I think a sense of humor actually is a safeguard against overprotectiveness. Without a sense of humor, we would never allow humans or are pets any activity that carried any risk. We'd be safe, but miserably bored and unhappy.
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Old 11-26-2013, 08:05 PM   #12
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Holy moly ... some folks need to lighten up just a bit and perhaps apply a little common sense. I've owned animals longer than most of you have been drawing oxygen and I'm telling you, if the dog didn't run away from his mommy yelping and screaming, and especially if he came back ready for more, he thought she was playing and was unfazed.

In my life I've accidentally thunked, kicked, stepped on, sunk (long story about a Cardigan Corgi and his first experience with a pool, they don't float, BTW) and generally knocked my pets about in being in a hurry or distracted or because seriously, they should have gotten the heck out of the way (honestly, what is it with cats having to be RIGHT under your feet when you haven't turned on the hall light!)

I've also bonked my baby boy's head into the roof of the car, closed the basement door on his hand (I had NO idea he snuck behind the door when I went to close it, thank GOD kids have more flexible bones) and the first time I left him in the care of his father he fell head first into a glass coffee table (goose egg, no blood).

Try as we might not to, we're going to get and give plenty of bumps and knocks to ourselves and those we love, and vice versa. It happens. You kiss the boo boo, you say you're sorry and you try to be more careful next time but I don't know anybody who hasn't laughed at least once at some poor dad taking one to the groin by an innocent toddler. The man's writhing on the ground in agony (so I've been told) but everyone else is laughing it up.

And honestly, sounds to me like the OP was laughing because the dog was totally ready for more.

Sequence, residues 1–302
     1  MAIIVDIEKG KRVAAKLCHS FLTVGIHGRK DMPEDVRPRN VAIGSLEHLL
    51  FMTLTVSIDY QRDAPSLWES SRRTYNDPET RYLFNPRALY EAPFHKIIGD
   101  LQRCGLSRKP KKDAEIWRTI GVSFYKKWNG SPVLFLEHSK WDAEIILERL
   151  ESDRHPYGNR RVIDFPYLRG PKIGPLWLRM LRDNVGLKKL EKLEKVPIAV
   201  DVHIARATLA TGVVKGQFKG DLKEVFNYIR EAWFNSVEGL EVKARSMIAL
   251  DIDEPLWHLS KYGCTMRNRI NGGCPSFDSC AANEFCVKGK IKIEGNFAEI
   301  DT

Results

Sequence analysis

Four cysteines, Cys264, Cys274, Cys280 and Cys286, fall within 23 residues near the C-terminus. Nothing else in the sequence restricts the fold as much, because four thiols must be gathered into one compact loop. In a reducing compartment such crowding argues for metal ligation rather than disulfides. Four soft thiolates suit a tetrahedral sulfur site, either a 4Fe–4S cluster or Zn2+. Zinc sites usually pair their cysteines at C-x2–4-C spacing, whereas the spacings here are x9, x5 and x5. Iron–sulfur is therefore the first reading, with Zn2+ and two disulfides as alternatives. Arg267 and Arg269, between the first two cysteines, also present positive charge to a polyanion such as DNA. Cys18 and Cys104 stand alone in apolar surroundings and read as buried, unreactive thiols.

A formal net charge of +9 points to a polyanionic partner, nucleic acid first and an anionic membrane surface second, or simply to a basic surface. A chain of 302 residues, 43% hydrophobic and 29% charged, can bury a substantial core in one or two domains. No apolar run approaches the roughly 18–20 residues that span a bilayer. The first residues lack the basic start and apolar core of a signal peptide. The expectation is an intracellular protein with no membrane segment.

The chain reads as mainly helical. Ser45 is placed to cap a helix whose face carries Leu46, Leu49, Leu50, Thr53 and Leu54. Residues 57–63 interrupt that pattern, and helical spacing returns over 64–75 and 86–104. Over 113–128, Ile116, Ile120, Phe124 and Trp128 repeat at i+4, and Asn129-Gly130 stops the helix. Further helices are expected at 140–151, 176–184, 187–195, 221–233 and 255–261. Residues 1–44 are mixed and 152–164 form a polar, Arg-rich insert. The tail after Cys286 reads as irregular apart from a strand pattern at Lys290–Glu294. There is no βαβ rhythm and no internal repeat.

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Old 11-26-2013, 08:43 PM   #13
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Quote:
Originally Posted by kaplods View Post
.

This is consistent with the incident the op describes, and is not consistent with abuse. An abusive person, would not be amused by their own pain while the dog apparently suffered none. The would likely be angered that the dog had hurt them, and would want to punish the dog for hurting them.
This. Kaplods is right in how a real abuser would have acted.

Easyspirit, you need to relax and understand what an ABUSER is really like...all caps lol
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Old 11-28-2013, 08:49 AM   #14
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Thanks guys, I appreciate it. I was almost afraid to return to the thread because I saw this going badly. =/

He's just fine, he's still hopping around, falling off things, kissing, hugging, high fiving, and dragging his favorite toy all over the house (an earless pig because he ate the ears despite being told not to!) When he was a little puppy, one of my roommates began to call him a block head because, I do have to admit, he's got kind of a square head. She said his collar could be a bit looser because you can't get it over his head anyways and you really can't.